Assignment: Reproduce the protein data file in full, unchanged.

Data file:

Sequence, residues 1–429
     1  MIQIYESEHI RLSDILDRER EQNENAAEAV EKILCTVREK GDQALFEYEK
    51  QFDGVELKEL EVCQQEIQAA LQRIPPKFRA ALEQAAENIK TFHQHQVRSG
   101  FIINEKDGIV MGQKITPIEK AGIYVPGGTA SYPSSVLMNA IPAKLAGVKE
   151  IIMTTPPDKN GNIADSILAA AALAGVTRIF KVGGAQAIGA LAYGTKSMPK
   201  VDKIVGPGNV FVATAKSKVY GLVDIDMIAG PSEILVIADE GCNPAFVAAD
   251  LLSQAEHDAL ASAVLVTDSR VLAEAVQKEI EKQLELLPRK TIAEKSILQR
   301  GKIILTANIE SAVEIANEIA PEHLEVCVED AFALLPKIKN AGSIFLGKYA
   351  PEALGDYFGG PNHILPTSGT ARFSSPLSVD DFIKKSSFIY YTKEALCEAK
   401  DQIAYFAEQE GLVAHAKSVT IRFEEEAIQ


Sequence, residues 1–429
     1  MIQIYESEHI RLSDILDRER EQNENAAEAV EKILCTVREK GDQALFEYEK
    51  QFDGVELKEL EVCQQEIQAA LQRIPPKFRA ALEQAAENIK TFHQHQVRSG
   101  FIINEKDGIV MGQKITPIEK AGIYVPGGTA SYPSSVLMNA IPAKLAGVKE
   151  IIMTTPPDKN GNIADSILAA AALAGVTRIF KVGGAQAIGA LAYGTKSMPK
   201  VDKIVGPGNV FVATAKSKVY GLVDIDMIAG PSEILVIADE GCNPAFVAAD
   251  LLSQAEHDAL ASAVLVTDSR VLAEAVQKEI EKQLELLPRK TIAEKSILQR
   301  GKIILTANIE SAVEIANEIA PEHLEVCVED AFALLPKIKN AGSIFLGKYA
   351  PEALGDYFGG PNHILPTSGT ARFSSPLSVD DFIKKSSFIY YTKEALCEAK
   401  DQIAYFAEQE GLVAHAKSVT IRFEEEAIQ